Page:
Polish your Paint to Look Like New 
Automobile paint is by far one of the toughest, most resilient, and flexible types of paint that exists. With proper care, the paint on your vehicle can withstand harsh weather, debris, burning hot sun, masses of flying insects, even kids—and still survive it all looking shiny and new. Even so, every Superman has his Kryptonite. 
Polish your Paint to Look like New
Don't Be Dull
The one thing that will dull an automobile paint finish is plain old neglect. The oils and chemicals that keep the paint shiny and tough can literally evaporate, leaving the paint dull and opening it up to oxidation. Oxidized paint loses its shine and ends up with a chalky looking layer on top of what was once a gorgeous finish. Once this process starts, and the paint is left unprotected for an extended period of time, paint surfaces can decay quickly past the point of no return. The reflective, shining, mirror-smooth tropical lagoon that was once the beautiful painted finish on your vehicle can be reduced to the cracked, arid, dusty, dry desert lake bed in less time than you might think. The good news is that if the paint has not gone too long without water and protection, it can be brought back to life with some modern chemicals and old-fashioned elbow grease.

Posted on Thursday, April 03, 2014 / 0 Comment / Read More

How can replacement Suspension Leg Complete

Suspension legs are an important part of suspension system.Its function is to cushion and absorb shocks and bumps and to keep the vehicle level on turns. After the stress or pressure exerted by the flexing of the spring has been removed, the spring returns to its original state. The spring does this by first absorbing and then releasing a certain amount of energy. The form of spring may be Air spring. Leaf springs, Coil springs, Torsion bars, or a combination of these.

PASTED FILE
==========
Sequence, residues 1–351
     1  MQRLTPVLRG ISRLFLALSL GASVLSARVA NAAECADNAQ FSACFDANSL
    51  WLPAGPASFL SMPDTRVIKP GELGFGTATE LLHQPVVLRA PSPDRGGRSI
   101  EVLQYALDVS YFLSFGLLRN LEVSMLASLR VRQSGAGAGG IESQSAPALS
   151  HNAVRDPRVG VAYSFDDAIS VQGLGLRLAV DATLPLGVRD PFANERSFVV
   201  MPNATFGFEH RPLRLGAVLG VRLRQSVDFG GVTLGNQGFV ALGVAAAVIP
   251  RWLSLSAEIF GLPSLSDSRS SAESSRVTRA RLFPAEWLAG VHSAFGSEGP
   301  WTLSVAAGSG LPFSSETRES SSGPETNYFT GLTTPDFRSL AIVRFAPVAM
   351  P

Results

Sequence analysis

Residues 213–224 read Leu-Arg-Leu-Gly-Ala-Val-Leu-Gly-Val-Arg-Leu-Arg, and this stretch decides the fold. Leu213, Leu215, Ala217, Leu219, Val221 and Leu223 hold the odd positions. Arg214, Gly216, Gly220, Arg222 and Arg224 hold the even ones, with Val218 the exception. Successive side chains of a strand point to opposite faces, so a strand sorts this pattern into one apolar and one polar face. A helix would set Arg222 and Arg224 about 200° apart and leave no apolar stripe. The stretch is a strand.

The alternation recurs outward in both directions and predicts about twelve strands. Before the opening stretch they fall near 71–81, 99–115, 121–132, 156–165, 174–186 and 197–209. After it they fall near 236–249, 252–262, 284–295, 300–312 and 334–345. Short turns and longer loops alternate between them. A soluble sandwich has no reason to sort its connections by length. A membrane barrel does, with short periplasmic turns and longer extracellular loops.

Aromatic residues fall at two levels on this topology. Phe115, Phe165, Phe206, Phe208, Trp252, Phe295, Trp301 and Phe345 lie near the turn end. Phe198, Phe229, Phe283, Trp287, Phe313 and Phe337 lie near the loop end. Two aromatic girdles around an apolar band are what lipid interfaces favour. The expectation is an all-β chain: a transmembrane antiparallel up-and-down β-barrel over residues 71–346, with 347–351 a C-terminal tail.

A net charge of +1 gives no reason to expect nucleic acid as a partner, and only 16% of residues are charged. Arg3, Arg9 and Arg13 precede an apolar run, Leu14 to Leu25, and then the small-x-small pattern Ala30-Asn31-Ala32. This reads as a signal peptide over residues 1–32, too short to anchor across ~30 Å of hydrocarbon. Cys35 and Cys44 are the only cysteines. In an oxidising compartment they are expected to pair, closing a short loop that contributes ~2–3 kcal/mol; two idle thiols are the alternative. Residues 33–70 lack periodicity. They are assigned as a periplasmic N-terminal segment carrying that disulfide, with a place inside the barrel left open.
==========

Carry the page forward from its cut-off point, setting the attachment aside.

Find Used Suspension Leg Complete Car Parts in UK

Search and Find guaranteed New and Second Hand Suspension Leg Complete Spares and Replacement Parts through our Car Breakers, Car Dismantlers, & Scrap Yards network. We can get you the best competitive prices on Suspension Leg Complete from Suspension Leg Complete suppliers. At AM Car Parts, you can source Suspension Leg Completes for all makes and models. We are specialized in German and Japanese cars Suspension Leg Completes in UK.
Posted on Thursday, April 03, 2014 / 0 Comment / Read More

General Motors CEO Provides Few Details In Appearance Before Congress

Mary Barra answered questions before a congressional subcommittee investigating General Motors years-long delay in initiating a recall of millions of vehicles that contained a defect that has killed at least 13 people. (AP Photo/J. Scott Applewhite)

It was only two months ago that Mary Barra, freshly crowned as the new General Motors chief executive officer, visited Washington DC as an esteemed guest of First Lady Michelle Obama for the State of the Union address.

On Tuesday, Barra returned to the Capitol under more strained circumstances.

For more than two contentious hours, she took questions from members of a House of Representatives subcommittee investigating General Motors years-long delay in initiating a recall of millions of vehicles that contained a defect that has killed at least 13 people.

Why did GM accept faulty ignition switches that were below the company's set specfications? Why did GM learn about the problem in 2001 yet take no action until 2014? Will GM compensate victims' families even though the company's bankruptcy may limit its liability?